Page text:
Former club legend (and Messi’s old teammate) Xavi soon arrived to take charge and, after a tough period of acclimatisation, he led Barca to a second-place finish in the league. However, the season ended without silverware and none of the attackers in the squad — the likes of Ferran Torres, Memphis Depay and Pierre-Emerick Aubameyang all arrived in 2021 — came close to filling Messi’s boots, let alone match his numbers. The positives came in the form of young midfielders Pedri and Gavi, but overall, Barca were a shadow of the side Messi had helmed to so much success.
In the stands, the rot was visible in the growing number of empty seats. The 2021-22 season ended with an average Camp Nou attendance of 53,982 (the stadium’s official capacity is close to 100,000) in LaLiga, although there were other contributing factors, like the restricted crowds for the first few matches due to COVID-19. Even still, that was down over 20,000 from 2018-19, the last full season before the pandemic. Those that did attend games quickly moved on from Messi, channelling all their support into backing Xavi once he replaced Koeman.
“In the games immediately after his departure, Messi’s name was sung in the 10th minute [his shirt number] at Camp Nou, but that soon stopped,” another dressing room source said. “It was strange given that Messi’s the best player in the club’s history. People can’t have forgotten him so quickly.”
Off the pitch, Barca told ESPN it is “hard to gauge” the impact of Messi’s move to PSG until the official accounts for last season are released later this year, though there are clues. Barca’s new sponsorship deal with Spotify — which includes naming rights to the stadium, men’s and women’s kits, and training shirts — is worth roughly the same as the previous deal agreed with Rakuten in 2017 when Messi, Luis Suarez and Neymar were all at the club. That Rakuten deal, though, was only for the men’s shirt.
Vice-president Eduard Romeu disputed that Messi’s departure would have a major effect on sponsorship revenue, but he did reveal some of the club’s partners were left unhappy by his exit. Romeu did not name who, but sources told ESPN the grievance came from one of the club’s key sponsors. Brands in ongoing partnerships with Barca had relied on being able to use Messi’s image to sell their products around the world.
Romeu also conceded Barca must do a better job of marketing other players post-Messi. He said that 50% of all shirts sales previously were sold with names on the back. Of that 50%, roughly 80% carried Messi’s name.
That marketing explains, in part, the club’s fiscal gymnastics this summer. Sources said they are not only relying on former Bayern Munich star Robert Lewandowski (238 goals in eight Bundesliga seasons) to replace Messi’s goals, they also need the Poland international striker to help sell shirts and add appeal for potential future sponsorship deals. Playmaker Raphinha and defender Kounde are more strategic signings, but Barca believe both players are also valuable in a marketing sense long-term. Immediate success on the pitch would speed up that process.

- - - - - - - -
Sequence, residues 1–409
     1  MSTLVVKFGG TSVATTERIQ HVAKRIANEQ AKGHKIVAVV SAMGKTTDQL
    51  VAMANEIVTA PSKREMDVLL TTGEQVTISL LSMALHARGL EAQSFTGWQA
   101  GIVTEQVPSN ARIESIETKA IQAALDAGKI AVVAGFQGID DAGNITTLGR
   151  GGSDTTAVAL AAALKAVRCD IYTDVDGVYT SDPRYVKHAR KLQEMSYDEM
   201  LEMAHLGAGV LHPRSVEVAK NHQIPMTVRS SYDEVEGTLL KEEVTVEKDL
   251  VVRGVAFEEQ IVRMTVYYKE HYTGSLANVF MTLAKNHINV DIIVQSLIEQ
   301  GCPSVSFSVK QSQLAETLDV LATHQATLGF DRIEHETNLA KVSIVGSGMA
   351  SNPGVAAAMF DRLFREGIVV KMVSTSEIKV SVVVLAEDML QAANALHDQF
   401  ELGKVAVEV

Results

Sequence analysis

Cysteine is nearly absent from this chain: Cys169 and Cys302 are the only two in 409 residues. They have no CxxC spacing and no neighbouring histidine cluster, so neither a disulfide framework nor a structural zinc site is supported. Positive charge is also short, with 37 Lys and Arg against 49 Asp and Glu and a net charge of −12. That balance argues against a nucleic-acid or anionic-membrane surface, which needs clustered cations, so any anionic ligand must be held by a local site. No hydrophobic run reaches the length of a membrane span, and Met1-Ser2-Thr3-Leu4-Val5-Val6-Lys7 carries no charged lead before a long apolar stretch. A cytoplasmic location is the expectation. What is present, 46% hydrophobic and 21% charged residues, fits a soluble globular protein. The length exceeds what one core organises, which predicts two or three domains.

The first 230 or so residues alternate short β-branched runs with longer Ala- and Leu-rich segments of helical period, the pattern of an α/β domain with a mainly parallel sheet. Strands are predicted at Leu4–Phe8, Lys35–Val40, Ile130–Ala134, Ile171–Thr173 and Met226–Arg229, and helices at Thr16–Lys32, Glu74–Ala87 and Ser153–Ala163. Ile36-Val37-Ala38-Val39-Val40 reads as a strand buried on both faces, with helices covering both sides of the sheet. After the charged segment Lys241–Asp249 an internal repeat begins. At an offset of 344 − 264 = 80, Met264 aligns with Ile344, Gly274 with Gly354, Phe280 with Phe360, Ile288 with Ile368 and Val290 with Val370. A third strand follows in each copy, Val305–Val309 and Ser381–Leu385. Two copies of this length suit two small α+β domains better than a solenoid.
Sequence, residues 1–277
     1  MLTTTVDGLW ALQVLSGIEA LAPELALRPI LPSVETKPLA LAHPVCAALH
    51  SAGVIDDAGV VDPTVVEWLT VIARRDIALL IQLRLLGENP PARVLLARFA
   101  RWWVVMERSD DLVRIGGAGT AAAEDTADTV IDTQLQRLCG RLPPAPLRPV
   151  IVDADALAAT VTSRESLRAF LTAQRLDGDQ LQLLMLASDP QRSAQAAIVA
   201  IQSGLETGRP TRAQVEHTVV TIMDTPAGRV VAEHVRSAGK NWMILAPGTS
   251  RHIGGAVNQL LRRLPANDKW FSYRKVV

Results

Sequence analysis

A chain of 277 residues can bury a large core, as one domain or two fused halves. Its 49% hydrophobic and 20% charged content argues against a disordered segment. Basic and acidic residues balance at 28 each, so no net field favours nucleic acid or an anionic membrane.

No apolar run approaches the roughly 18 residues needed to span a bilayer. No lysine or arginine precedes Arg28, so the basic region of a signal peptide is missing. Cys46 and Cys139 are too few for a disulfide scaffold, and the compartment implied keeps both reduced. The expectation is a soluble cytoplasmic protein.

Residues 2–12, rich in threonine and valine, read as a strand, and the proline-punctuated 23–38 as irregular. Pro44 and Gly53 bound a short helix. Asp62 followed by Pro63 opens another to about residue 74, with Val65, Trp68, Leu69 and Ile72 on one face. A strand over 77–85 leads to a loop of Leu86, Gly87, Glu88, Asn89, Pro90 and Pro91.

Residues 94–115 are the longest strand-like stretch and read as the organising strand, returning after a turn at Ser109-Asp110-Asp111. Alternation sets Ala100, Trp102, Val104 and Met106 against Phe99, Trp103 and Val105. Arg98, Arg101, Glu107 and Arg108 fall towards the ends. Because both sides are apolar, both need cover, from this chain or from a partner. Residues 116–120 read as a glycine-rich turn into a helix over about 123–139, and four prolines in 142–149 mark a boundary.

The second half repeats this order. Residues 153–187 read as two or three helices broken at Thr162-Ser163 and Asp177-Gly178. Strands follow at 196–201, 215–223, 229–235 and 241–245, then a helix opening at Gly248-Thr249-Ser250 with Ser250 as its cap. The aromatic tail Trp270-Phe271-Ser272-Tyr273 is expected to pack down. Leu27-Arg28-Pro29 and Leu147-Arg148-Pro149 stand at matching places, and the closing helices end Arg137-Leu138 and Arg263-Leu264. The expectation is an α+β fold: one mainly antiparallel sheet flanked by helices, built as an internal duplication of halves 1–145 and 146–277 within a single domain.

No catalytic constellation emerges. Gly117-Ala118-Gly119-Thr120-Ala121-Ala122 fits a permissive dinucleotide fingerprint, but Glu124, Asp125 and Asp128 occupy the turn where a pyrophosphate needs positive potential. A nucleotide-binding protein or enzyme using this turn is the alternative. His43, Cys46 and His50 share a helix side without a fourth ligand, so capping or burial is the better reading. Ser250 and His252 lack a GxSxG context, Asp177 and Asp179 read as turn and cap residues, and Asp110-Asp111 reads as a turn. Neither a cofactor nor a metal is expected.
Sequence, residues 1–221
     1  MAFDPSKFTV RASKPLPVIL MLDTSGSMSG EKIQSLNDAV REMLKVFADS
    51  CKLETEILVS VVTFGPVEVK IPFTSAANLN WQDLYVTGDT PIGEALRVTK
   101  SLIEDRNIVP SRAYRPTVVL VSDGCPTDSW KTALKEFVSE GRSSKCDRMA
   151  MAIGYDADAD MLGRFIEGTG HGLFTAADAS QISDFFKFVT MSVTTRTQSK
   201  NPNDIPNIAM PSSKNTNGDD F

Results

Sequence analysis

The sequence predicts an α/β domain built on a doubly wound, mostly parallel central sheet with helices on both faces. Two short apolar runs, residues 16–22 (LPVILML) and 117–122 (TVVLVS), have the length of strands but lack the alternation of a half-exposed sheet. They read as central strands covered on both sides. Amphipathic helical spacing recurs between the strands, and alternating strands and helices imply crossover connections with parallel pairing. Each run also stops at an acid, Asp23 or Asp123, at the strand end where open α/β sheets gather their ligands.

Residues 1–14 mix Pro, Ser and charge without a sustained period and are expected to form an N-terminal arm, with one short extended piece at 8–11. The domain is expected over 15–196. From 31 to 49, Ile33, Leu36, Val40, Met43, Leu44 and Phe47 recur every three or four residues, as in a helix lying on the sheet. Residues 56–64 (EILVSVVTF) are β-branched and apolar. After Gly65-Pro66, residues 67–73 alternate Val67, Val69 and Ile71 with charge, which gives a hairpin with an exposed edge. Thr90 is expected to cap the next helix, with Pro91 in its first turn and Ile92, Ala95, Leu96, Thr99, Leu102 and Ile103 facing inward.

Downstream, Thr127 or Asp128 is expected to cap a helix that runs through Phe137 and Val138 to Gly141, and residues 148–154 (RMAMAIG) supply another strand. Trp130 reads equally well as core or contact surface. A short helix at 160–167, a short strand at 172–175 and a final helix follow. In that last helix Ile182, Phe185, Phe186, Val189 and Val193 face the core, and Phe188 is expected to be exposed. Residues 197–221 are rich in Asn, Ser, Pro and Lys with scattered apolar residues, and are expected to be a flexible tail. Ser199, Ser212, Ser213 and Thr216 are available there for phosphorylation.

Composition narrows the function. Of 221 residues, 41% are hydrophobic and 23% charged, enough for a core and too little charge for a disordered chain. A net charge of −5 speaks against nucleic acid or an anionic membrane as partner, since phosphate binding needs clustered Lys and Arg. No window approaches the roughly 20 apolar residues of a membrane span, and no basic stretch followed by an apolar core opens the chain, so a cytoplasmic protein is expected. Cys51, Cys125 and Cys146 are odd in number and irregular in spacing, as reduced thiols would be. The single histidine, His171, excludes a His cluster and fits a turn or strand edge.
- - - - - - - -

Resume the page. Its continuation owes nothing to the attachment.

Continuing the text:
— Sam Marsden
Gab Marcotti and Julien Laurens give their take on Lionel Messi after the forward has endured a difficult first season in Paris.
The impact on Paris Saint-Germain
“We know the club has moved to the next level, but we can’t really quantify the impact Messi is having on the club. It will be a few more years until we will really understand how massive this is.”
This is how a source at PSG summarises the Messi era in Paris so far. It’s true that you only really notice the difference when these superstars leave. That said, the difference was obvious from the first day Messi arrived in the French capital. It felt like a city-wide party and, regardless of how it ends, it will remain the biggest transfer in French football history. Not only did it shake up the league, but it changed everything.
The first significant consequence is financial. As PSG president Nasser al-Khelaifi, former sporting director Leonardo and general manager Jean-Claude Blanc were finalising the signing, big brands from around the world were already calling the club’s marketing department to work with the Ligue 1 side and associate their brands with Messi’s new team. By January 2022 — only five months after Messi’s arrival — PSG had more new sponsors (eight) than Messi had scored goals (six). Dior were among the new signups, revelling in having Messi, Kylian Mbappe and Neymar as ambassadors. Nike and Coca-Cola also extended their partnerships with PSG, committing more money.
Messi alone has increased PSG’s revenue by between 15%-20% during his first season, according to sources inside the club. PSG moved quickly to plan a preseason trip to Japan this summer, worth €10m to them, as their fans in Tokyo and Osaka mostly wanted to see Messi. In terms of shirt sales, not that it generates that much money for clubs in general, PSG beat all their previous records by surpassing over one million sales, with Messi responsible for around 40%. And finally, on social media, Messi’s arrival proved even more remarkable, with the club amassing an extra 15 million followers across all platforms in the aftermath.